Unlearning everything you know
Nowadays even a Masters degree doesn’t grant you a round of applause. It seems like the pressure is only increasing to acquire as many degrees, diplomas and certifications as possible in order to stay competitive, sharp and ready for an unknown tomorrow. However, when it comes to heart intelligence what we actually need to start doing is unlearning everything we’ve been taught.
Have you ever noticed what an awareness children have about their bodies from a very young age? Even before being able to speak, children have an incredible capacity to sense through smell, touch, temperature and sound. Their ability to rapidly connect with other children is incredible when compared to the amount of time it can sometimes take adults to connect. As we get older, mainstream schooling focuses our attention more and more on our cognitive capacities, placing emphasis on intellectual intelligence over emotional and somatic intelligence. As a result, we start interpreting the world around us only through facts, judgments and rational thinking. We start losing the capacity to really feel and sense our surroundings through our hearts. In fact, most of us completely shut off our physical sensing capacity and spend time in busy cities, crowded subways and packed elevators trying to pretend that we are completely alone.
Despite the fact that many adults go decades without using their heart’s intelligence to navigate their worlds, this capacity to physically connect remains intact and ready to engage whenever we allow it to. In order to start feeling again, we actually have to unlearn the educated tendency to process everything through our rational minds.
One way to get a sense of how powerful that connection can actually be is to stand on a subway platform and just notice all the people around you. Notice the direction they are facing, how far they are from you, and whether they are sitting, standing or leaning against a post. Also take note of the patterns that groups are forming: are people standing in a straight line, in a circle or clump, individually or in pairs? Who is still and who is moving? While you bring your awareness to all of this notice what feelings arise in your heart? Does your heart automatically respond to some people more than others? Do you feel a tingling in some places or discomfort anywhere? What images and pictures come to you while you take in all that is around you on the platform? This simple but profound experience of extending your awareness beyond your own bubble while simultaneously staying mindful of what it is feeling may give you an incredible sense of how powerfully your heart relates and connects to what is happening around you. While it may not be able to communicate through words, it does express itself through feelings, metaphors, sensations, images and other methods unique to you.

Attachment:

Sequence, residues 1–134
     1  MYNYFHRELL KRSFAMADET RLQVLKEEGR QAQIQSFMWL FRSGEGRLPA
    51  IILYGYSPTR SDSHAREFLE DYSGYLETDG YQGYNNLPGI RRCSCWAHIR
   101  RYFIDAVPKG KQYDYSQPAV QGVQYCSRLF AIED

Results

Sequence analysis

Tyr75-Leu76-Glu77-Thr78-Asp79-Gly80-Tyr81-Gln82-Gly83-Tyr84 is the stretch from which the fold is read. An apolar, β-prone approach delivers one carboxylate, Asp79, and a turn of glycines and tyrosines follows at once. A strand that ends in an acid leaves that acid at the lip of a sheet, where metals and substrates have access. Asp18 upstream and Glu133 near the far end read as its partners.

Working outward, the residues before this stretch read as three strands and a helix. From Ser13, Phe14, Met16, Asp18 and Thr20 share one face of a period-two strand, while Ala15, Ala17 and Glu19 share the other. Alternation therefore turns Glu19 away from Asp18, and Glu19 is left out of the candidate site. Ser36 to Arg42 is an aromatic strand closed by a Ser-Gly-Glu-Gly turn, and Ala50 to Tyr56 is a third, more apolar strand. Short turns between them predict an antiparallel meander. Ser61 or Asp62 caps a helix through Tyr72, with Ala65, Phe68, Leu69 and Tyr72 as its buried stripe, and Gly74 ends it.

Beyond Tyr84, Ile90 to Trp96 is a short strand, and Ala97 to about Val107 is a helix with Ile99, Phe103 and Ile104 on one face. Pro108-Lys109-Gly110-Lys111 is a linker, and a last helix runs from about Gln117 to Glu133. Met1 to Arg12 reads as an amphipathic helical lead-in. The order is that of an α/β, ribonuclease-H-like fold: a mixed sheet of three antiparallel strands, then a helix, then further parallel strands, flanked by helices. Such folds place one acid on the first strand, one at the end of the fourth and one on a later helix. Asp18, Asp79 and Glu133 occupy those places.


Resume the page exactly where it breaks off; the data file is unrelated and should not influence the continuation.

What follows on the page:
If you bring this subway platform sensitivity with you to other parts of your life – when driving in a car, when walking down the street, when entering a room full of strangers or when waiting on line while shopping – you may begin to notice that there is an automatic and natural connection that your heart has to everything going on around it. In fact, your heart is always connected whether you allow yourself to notice this or not. It is the most basic aspect of being human. This connection isn’t something that needs to be improved and practiced. Rather, when we unlearn the habit of rationalizing everything and begin suspending the mind’s constant chatter we start to notice the richness of experience that our physicality can take in and process. With time even the most simple of shapes, gestures or movements from people and beings around us invite us to notice their incredible beauty and the feelings and intelligence they provoke in our hearts. And if we notice our mind trying to jump in and analyze all of that heart intelligence, best is to try settling it down and putting it temporarily on hold. There are already enough other moments in which to process our worlds through our very educated heads.